You’ll find the challenges often comes down to internal resources and bandwidth. Workload automation targets mundane, repetitive tasks to free up your employees to focus on more strategic initiatives—but it's not the only option.
Step 2: Identify possible solutions
A viable business case will identify at least two or three potential solutions before arguing for one over the others. It will also review probable costs for each alternative—both monetary and opportunity costs.
The business case for why you should implement workload automation usually involves three potential approaches:
- Do nothing. Naturally, doing nothing has the highest opportunity cost. Yes, new technology will involve investment, but what will it cost your company if you maintain the status quo and forgo the benefits of workload automation?
- Use a job scheduler. A basic job scheduler can solve some of the problems that often lead organizations to consider workload automation, but they have their limitations. For instance, a job scheduler’s constraints arise from its inability to work with multiple operating systems or platforms. Additionally, they’re not able to address error resolution if they encounter one while in operation.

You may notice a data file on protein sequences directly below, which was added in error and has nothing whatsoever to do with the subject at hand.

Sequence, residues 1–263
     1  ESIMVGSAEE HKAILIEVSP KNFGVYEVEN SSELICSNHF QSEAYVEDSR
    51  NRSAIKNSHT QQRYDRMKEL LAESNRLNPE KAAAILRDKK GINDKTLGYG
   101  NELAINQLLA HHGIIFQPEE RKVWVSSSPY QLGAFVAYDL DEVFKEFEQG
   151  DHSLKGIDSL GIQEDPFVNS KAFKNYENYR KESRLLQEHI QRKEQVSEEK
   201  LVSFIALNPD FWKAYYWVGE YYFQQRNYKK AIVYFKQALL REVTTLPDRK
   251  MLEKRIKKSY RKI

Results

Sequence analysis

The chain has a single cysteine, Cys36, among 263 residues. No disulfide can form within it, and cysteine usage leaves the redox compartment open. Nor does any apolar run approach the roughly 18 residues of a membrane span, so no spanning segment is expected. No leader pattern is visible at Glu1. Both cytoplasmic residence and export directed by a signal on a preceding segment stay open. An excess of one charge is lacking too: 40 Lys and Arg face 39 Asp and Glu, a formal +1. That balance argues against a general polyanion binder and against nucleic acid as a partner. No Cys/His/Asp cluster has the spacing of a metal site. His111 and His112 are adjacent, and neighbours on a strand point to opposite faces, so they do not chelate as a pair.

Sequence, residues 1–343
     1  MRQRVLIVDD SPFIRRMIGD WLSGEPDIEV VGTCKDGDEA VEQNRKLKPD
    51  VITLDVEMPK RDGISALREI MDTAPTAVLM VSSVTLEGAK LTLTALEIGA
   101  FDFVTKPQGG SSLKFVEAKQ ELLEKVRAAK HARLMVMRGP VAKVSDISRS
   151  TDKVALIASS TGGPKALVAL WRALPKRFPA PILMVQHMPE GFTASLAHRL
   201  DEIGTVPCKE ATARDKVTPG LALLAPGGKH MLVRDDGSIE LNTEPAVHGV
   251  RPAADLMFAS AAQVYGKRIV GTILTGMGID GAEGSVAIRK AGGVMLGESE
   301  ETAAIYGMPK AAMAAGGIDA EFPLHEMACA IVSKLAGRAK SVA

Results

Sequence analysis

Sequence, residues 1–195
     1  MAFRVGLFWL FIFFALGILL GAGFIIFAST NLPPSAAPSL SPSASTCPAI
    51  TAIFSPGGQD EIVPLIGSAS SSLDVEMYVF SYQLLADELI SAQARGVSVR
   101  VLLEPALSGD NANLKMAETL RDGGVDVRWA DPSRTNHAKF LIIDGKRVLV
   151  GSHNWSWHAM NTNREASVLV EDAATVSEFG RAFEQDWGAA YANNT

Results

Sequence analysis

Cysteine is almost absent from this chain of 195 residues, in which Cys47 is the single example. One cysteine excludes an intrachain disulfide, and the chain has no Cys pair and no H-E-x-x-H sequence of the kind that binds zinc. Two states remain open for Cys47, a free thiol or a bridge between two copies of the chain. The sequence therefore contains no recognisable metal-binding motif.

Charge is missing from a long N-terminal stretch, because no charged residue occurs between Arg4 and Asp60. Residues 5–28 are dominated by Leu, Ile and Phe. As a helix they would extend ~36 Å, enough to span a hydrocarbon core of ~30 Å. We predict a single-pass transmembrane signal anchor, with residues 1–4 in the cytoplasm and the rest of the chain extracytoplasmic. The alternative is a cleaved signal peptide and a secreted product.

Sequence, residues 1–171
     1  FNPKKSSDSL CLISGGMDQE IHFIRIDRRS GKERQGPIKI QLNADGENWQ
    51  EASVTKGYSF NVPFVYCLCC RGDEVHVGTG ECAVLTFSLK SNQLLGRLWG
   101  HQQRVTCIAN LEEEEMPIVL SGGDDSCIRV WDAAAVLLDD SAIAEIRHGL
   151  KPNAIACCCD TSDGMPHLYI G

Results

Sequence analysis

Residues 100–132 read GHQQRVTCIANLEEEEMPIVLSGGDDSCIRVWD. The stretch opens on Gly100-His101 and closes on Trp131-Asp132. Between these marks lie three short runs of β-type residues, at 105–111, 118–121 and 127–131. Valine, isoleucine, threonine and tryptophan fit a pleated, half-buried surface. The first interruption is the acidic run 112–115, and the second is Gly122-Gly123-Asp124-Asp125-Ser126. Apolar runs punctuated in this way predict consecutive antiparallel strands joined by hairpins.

- Implement workload automation. Workload automation has a higher level of intelligence. It’s a platform designed for today’s increasingly complex IT environments, as it can integrate across multiple systems and manage complex workflows that other tools can’t.
It’s worth noting that workload automation can be confused with other types of automation—like robotic process automation (RPA). While RPA works for applications and processes that don’t have a programmatic way of interfacing (meaning they only interface with humans), it doesn’t scale well. In contrast, workload automation excels in highly transactional environments.
With these elements on the table, you’ve reached the heart of your business case: recommending a solution.
Step 3: Recommend a preferred solution
You’ve considered the alternatives and decided to move forward with making the business case for workload automation—but not all WLA solutions are the same. Recommending a preferred solution will strengthen your argument.
Once you’ve explained why you think workload automation is the best solution for your company’s specific needs, recommend a particular product and reinforce your recommendation with the criteria you used to evaluate it.
A top-tier workload automation solution will deliver the service, support, and specialization that your company requires. Here are some criteria to consider:
- How well does the product integrate with your existing software, and is it adaptable to future upgrades?